Should the project ultimately flounder, still it would make sense to ‘twin’ Montreal with another race in North America, in which case I suggest a return to Indianapolis. I know the infield section of the F1 track was uninspiring, but what made the race important was that it was at the Speedway, in a town historically imbued with racing. By 500 standards the crowd might have been paltry; in F1 terms, it was colossal. As well as that, there was always the opportunity to visit the museum, of which I never tire – and to catch a sprint car race, one of my great passions.
Round 9: Magny-cours, France
Back to Europe. It has always seemed absurd to me that there should be no Grand Prix in France – where the whole thing started, after all – and in my ideal calendar it would return. Many were lukewarm about Magny-Cours, but I was fond of it, not least because I enjoyed the drive there, and we would stay at a wonderful ‘secret’ hotel, some distance from the circuit, buried deep in the countryside. As for the circuit itself, it might not bear comparison with French masterpieces of the past, like Rouen Les Essarts or Clermont-Ferrand, but it’s better than many other contemporary tracks. In the regime of the wretched Francois Hollande, government patronage is unlikely to come the way of a French Grand Prix any time soon, but I’m not CVC and I’d have the race back.
Round 10: Silverstone, Great Britain
In my youth I would daydream about running the British Grand Prix at Oulton Park, which I thought incomparably the best circuit in the land. Now Oulton is festooned with chicanes, sadly, and is anyway nowhere near ‘F1 spec’, as is always said of Brands Hatch, smart as the place is these days. No one took Bernie seriously when he said he was taking the race to Donington Park, and quite obviously Silverstone is the only British venue capable of staging a Grand Prix in the 21st century. I can’t claim to have unbridled enthusiasm for the ‘new’ Silverstone — as at so many circuits, I think the money has been spent on the wrong things — but the track, for all its revisions, remains one of the best, and Becketts will for ever be Becketts. Just pray to God it doesn’t rain.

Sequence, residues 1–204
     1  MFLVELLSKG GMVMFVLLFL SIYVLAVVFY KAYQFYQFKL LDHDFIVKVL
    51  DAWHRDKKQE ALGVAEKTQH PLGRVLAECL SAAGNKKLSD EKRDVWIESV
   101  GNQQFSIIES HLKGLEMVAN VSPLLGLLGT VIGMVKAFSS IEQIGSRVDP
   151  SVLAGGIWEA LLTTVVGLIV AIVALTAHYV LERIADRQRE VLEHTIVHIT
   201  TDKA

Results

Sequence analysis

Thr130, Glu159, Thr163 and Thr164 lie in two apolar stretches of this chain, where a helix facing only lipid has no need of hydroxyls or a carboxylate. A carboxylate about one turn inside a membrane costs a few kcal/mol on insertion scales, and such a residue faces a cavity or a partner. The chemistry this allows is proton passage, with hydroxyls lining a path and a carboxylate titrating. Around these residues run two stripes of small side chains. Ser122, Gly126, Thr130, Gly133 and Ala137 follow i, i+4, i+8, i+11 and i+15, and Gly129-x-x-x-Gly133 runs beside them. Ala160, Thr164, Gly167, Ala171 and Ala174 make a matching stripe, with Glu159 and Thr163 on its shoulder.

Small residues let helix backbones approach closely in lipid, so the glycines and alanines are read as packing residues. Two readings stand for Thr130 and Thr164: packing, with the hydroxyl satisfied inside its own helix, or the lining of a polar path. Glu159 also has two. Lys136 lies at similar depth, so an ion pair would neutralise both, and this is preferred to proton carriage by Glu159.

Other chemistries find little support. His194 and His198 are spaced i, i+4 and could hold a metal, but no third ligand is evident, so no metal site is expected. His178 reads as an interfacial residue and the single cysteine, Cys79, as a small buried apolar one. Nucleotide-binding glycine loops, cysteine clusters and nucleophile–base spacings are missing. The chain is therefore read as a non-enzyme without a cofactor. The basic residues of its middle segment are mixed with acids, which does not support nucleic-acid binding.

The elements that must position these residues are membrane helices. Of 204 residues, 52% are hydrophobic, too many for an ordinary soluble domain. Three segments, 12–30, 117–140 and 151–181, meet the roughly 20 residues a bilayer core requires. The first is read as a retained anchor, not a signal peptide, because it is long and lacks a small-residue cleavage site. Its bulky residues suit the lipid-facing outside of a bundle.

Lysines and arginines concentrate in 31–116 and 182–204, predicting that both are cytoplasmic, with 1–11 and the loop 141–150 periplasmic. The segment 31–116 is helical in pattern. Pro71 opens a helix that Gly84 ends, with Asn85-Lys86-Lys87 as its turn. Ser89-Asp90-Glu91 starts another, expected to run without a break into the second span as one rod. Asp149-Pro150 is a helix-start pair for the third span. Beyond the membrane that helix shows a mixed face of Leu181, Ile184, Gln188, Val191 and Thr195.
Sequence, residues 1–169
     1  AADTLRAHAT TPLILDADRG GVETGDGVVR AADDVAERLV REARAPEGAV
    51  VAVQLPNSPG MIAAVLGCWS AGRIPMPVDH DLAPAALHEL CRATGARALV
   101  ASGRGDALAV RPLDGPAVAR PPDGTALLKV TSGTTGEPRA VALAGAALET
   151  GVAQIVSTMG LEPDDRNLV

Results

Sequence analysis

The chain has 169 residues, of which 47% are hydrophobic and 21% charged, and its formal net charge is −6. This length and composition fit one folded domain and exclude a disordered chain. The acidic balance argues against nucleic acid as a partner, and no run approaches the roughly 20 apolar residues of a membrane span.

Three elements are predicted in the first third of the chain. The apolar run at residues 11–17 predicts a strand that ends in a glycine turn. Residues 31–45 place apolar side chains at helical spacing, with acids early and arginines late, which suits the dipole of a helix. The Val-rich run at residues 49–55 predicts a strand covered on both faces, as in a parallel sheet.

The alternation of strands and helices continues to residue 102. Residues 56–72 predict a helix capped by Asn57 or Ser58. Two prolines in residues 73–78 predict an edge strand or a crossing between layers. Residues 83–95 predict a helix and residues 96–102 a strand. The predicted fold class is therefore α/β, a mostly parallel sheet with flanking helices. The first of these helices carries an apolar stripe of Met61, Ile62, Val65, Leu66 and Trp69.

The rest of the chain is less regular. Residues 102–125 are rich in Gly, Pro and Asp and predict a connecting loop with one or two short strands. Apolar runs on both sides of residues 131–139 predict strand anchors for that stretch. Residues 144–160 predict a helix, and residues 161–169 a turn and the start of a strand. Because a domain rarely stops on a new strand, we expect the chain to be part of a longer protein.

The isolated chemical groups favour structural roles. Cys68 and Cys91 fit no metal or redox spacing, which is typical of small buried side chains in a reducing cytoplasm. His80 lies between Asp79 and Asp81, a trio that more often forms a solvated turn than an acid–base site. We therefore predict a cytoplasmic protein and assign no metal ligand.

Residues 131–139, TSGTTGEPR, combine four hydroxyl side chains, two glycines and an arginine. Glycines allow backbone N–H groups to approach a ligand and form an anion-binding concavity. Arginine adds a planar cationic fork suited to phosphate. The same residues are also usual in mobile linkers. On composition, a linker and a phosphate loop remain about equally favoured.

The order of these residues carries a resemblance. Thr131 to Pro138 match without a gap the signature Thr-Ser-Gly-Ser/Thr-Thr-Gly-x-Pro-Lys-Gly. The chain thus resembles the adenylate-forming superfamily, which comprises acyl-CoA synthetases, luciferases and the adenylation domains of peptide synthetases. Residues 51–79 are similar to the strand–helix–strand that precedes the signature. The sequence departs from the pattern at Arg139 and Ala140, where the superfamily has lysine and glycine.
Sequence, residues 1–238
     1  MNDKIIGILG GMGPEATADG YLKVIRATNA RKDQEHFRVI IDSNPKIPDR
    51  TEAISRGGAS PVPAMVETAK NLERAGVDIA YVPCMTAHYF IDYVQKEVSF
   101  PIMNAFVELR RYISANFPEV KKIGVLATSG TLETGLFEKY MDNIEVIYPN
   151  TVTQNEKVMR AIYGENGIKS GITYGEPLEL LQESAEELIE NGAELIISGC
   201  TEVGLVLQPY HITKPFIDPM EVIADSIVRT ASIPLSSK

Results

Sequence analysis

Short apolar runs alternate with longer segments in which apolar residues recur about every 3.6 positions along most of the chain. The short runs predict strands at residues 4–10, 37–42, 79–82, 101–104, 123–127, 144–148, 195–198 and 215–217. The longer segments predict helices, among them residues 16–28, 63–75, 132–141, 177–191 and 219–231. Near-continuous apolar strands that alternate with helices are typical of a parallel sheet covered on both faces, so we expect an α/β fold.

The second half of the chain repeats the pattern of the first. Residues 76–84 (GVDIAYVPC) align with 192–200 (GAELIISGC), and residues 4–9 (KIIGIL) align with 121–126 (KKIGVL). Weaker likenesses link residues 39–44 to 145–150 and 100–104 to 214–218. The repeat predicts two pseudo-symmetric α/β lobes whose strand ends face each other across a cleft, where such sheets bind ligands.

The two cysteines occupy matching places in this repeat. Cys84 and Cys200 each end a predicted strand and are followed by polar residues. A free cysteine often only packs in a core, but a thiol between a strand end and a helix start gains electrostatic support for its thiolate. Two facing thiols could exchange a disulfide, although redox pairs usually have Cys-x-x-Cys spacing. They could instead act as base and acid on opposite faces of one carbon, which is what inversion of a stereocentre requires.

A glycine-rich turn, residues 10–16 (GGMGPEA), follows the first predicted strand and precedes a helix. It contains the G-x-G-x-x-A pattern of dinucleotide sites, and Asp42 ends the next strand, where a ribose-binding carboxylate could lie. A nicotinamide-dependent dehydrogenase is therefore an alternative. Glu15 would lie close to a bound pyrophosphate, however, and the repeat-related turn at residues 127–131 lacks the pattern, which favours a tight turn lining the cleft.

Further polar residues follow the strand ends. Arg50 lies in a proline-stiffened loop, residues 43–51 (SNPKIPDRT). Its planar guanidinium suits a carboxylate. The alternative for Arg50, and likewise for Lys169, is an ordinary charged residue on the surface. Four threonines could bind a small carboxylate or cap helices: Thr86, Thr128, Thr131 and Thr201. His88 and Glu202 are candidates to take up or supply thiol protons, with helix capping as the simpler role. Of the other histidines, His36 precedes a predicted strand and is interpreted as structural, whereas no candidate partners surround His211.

Round 11: Hockenheim, Germany
As I write, the venue for the German GP has yet to be decided, because they’re short of money at Hockenheim and very short of it at the Niirburgring. That said, Germany has always been an F1 staple and its race must remain, although it has to be faced — even in the Vettel era — that the days of massive crowds are gone. Personally, I was affronted that a rather nondescript thread of tarmac built alongside the wondrous Nordschleife should be referred to as ‘The Niirburgring’, and the financially ruinous attempts to turn the area into some sort of theme park heightened my distaste. Shortening Hockenheim — robbing it of those long, narrow, straights to and from the Ostkurve — has removed. its individuality, but still I find it the better of the German venues.
Round 12: Spa-Francorchamps, Belgium
Now comes the summer break, which some think too long, but which allows families to become reacquainted — and also guarantees that at Spa everyone is glad to be back in a paddock again. everyone a As at so many circuits where the government doesn’t sign the cheque, Spa has an uncertain future, but such is the grandeur of the circuit that it should surely never — in any circumstances — be allowed to disappear from the World Championship.